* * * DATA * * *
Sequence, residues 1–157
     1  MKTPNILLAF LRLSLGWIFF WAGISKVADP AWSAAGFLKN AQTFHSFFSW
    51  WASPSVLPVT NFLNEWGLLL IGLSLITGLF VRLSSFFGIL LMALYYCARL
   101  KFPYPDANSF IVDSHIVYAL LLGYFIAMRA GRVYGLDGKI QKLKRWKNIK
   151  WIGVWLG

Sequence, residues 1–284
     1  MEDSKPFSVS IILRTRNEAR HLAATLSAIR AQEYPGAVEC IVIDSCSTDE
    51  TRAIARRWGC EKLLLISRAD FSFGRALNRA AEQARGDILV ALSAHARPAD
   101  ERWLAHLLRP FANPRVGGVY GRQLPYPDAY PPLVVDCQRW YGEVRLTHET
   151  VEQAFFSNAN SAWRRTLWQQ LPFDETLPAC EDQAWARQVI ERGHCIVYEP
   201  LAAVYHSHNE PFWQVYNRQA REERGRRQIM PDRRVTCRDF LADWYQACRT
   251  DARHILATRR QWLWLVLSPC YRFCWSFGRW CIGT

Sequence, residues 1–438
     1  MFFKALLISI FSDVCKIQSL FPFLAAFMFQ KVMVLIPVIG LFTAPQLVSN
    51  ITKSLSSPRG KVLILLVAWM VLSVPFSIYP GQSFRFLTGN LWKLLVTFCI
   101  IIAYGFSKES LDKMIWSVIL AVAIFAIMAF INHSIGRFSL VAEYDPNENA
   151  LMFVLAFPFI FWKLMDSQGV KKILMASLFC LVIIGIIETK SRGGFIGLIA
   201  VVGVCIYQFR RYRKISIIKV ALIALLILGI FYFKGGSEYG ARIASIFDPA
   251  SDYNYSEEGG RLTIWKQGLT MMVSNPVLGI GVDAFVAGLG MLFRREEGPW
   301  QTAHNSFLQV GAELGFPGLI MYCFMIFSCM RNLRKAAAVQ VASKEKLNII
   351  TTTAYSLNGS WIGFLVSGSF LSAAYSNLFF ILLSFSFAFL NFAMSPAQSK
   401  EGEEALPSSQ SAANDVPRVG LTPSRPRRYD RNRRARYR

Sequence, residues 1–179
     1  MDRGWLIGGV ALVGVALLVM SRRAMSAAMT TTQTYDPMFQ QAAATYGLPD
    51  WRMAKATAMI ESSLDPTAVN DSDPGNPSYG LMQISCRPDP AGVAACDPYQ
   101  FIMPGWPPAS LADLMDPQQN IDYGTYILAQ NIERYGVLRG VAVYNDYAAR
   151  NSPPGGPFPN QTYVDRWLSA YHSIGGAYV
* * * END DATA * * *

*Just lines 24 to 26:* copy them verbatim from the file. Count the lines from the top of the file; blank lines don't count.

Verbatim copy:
     1  MDRGWLIGGV ALVGVALLVM SRRAMSAAMT TTQTYDPMFQ QAAATYGLPD
    51  WRMAKATAMI ESSLDPTAVN DSDPGNPSYG LMQISCRPDP AGVAACDPYQ
   101  FIMPGWPPAS LADLMDPQQN IDYGTYILAQ NIERYGVLRG VAVYNDYAAR